Get Task & Purpose in your inbox
DoD Overstated Number Of Troops Deployed To Texas And Louisiana For Harvey Relief
The Department of Defense vastly overstated the number of active-duty military personnel deployed to Texas and Louisiana in response to the catastrophic rain and flooding of Hurricane Harvey, the Pentagon told CNN in a statement on Sept. 1, with just a quarter of initial estimates actually sent to the Gulf Coast as part of relief efforts.
On Aug. 31, the U.S. Northern Command stated that 6,300 active-duty service members had been dispatched to bolster Texas's 12,000-strong National Guardsmen and reserve forces from neighboring states currently assisting civilian disaster response organizations with ongoing Harvey relief, evacuation, and search and rescue efforts. But the DoD told CNN on Sept. 1 that that active-duty personnel actually numbered closer to 1,638 as that morning.
The reason? An "accounting issue" that miscounted several National Guard contingents as active-duty forces, NORTHCOM claims.
"There was an accounting error in the numbers that were provided yesterday," Pentagon spokesman Lt. Col. Jamie Davis told CNN in a Sept. 1 statement. "In a fast-moving response such as this, some people were inadvertently double-counted on a spreadsheet. We have corrected our process to ensure this doesn't happen again."
It's understandable, sure. Anyone who's spent hours staring at Microsoft Excel knows that spreadsheets are the twisted cousin of the much-abused great Satan that is the PowerPoint, the cause of calamities from billions in business losses to accidental wiretaps.
NORTHCOM emphasized that the error "[didn't] lessen the impact of our response," a response that included 73 helicopters, three C-130 Hercules aircraft, and eight pararescue teams. According to CNN, that active-duty personnel had rescued more than 1,200 since Aug. 30 — the same day the National Guard announced some 4,200 (and 300 pets) pulled from the flood waters.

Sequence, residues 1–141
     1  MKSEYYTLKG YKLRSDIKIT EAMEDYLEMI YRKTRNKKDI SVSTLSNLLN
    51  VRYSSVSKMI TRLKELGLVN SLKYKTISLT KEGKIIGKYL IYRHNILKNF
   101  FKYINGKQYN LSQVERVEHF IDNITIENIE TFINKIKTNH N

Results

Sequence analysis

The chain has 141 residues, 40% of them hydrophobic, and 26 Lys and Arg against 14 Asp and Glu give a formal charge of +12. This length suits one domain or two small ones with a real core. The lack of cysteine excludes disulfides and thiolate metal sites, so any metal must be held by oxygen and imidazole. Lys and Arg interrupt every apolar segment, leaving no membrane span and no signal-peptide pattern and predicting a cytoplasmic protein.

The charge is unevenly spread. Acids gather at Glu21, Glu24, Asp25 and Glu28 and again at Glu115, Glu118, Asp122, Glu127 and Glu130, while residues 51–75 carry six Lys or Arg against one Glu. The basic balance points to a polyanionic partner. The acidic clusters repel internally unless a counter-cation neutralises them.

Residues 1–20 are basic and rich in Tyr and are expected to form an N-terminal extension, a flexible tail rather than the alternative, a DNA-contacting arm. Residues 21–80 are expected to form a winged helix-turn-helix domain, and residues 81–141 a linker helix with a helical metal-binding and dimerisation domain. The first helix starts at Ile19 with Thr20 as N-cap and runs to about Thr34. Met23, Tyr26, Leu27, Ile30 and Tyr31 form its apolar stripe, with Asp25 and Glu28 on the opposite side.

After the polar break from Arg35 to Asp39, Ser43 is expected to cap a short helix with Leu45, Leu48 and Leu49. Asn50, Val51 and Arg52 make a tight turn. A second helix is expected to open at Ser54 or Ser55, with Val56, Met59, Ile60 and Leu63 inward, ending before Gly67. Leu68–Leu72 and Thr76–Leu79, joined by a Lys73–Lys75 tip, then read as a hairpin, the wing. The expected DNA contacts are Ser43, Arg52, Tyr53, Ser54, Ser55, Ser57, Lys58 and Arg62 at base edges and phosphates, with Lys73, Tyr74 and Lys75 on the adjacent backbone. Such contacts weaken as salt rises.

But the error, even if accidental, comes at a weird time for the DoD's accounting of troops numbers. On Aug. 29, the Pentagon "revealed" that the number U.S. troops in Afghanistan totaled closer to 11,000 rather than the previously-touted number of 8,400, a figure designed to reflect not the number of troops committed to an enduring mission, but the Defense Manpower Data Center count of actual warm bodies. Though the new troop level doesn't indicate an actual rise in combat troops fighting in the country, the DoD' opaque explanation for the change likely planted seeds of confusion among an electorate exhausted by 16 years of seemingly endless war.
While the NORTHCOM slip-up may have been an accident, its proximity to the Afghan troop discussion may be enough to make the average citizen anxious about how the Pentagon discusses troop levels. And the fate of the War in Afghanistan — and disaster relief — shouldn't rise and fall at the whims of Microsoft Excel.
An Austrian soldier was apparently killed by two military working dogs that he was charged with feeding, the Austrian Ministry of Defense announced on Thursday.
She's photographed every major war of the last 20 years. Marine Corps boot camp was something else entirely
Conflict photographer Lynsey Addario has seen a hell of a lot of combat over the past twenty years. She patrolled Afghanistan's Helmand Province with the Marines, accompanied the Army on night raids in Baghdad, took artillery fire with rebel fighters in Libya, and has taken photos in countless other wars and humanitarian disasters around the world.